“Air pollution kills over 7 million people a year worldwide, while over 90% people in the world live in places that exceed World Health Organisation limits for air pollution,” said Dr. Jeni Miller, executive director of the Global Climate and Health Alliance. 

“Phasing out fossil fuels would prevent 3.6 million air pollution deaths per year, an immense near-term health benefit to achieve the steps essential to mitigating climate change in the long term,” she noted.

The Mental and Physical Health Impacts of Extreme Weather Events

Extreme weather events can also be deadly and affect human health, and these are increasingly being linked to climate change. In Asia, climate change-fuelled heatwaves recently caused several deaths and hospitalisations.

By 2100, heat stroke could kill more people than all infectious diseases combined, according to Francesca Dominici, a professor of biostatistics at the Harvard Chan School.

Moreover, heatwaves reinforce health inequalities, with women, young children and elderly people particularly vulnerable to heat-related deaths. Globally, heat-related deaths among vulnerable populations have increased by 68% in the last 20 years.

Another consequence of extreme heat is the heightened risk of wildfires. In the last two decades, exposure to wildfire danger increased in 110 of 181 countries. Over this period, people experienced an average of nine more days of exposure globally. Wildfires not only cause deaths, displacements and environmental devastation, but their smoke is extremely harmful to the lungs and heart and can create unanticipated health problems

Early warning systems for heat and extreme weather events can go a long way towards protecting public health. At the same time, strengthening healthcare systems to cope with the increased demand from heat-related issues can help save many lives.

In addition to its physical health effects, extreme heat is taking a growing toll on mental health. Adaptation policies geared towards increasing green spaces could reduce the urban heat island effect, thereby lowering anxiety and depression.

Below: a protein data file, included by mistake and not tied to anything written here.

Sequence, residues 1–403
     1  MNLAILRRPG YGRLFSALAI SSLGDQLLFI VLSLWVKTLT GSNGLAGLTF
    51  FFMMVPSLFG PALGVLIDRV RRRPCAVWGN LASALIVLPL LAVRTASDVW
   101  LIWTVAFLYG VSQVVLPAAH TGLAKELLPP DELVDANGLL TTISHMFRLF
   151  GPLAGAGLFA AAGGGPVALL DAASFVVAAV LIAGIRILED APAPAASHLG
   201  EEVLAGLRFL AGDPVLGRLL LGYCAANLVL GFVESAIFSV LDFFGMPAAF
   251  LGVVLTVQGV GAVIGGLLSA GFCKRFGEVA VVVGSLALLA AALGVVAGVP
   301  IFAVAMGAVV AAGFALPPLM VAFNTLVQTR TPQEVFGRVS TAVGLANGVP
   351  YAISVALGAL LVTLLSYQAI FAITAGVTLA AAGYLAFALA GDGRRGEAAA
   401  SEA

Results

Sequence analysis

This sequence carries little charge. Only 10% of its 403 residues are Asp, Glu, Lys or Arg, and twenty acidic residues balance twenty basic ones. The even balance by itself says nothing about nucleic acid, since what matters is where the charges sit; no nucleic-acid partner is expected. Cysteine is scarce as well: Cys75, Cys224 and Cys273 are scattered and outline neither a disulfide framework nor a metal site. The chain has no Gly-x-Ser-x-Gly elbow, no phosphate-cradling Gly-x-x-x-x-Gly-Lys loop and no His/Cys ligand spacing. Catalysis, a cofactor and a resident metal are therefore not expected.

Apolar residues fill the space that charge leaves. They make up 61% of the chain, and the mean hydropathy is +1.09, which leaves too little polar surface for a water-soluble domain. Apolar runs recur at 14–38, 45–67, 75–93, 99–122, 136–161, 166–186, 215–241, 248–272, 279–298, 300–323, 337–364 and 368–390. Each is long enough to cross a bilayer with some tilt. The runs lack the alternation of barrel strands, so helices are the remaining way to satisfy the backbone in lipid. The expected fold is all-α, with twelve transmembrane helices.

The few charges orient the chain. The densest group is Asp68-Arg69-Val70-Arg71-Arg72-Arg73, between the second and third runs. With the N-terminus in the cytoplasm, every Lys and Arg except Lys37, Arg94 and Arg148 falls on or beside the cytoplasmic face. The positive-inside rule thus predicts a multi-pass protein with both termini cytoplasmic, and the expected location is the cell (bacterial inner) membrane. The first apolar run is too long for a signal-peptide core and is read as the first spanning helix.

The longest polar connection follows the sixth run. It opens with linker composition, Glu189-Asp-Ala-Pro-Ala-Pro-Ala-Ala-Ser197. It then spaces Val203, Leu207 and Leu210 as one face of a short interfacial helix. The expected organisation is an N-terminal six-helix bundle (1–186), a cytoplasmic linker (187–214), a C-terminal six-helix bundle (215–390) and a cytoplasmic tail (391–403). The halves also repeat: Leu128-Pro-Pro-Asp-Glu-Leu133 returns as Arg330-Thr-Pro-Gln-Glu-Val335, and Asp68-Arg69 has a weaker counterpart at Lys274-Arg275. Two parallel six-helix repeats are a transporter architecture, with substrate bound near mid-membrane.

Acknowledging the Impact of Climate Change on Human Health

The health community has long called for a health-centred response to climate change. But, it wasn’t until recently that policymakers started to recognise the relationship between climate change and health.

The decision to include a health day at COP28, for the first time in COP history, indicated this shift in focus. Above all, the move could inspire the integration of health throughout climate decision-making.

“COP28’s health day will not in itself protect people’s wellbeing,” said Dr. Miller, “but it can be a tremendous success if it motivates a rapid acceleration of climate action, across sectors, to deliver health.”

Heba Hashem

Journalist, Dubai

Heba is an Arabic and English-speaking freelance journalist based between the United Arab Emirates and Canada. She covers stories about business, renewable energy, climate change, finance, technology, real estate, food production, lifestyle and arts and culture.

Heba is an Arabic and English-speaking freelance journalist based between the United Arab Emirates and Canada. She covers stories about business, renewable energy, climate change, finance, technology, real estate, food production, lifestyle and arts and culture.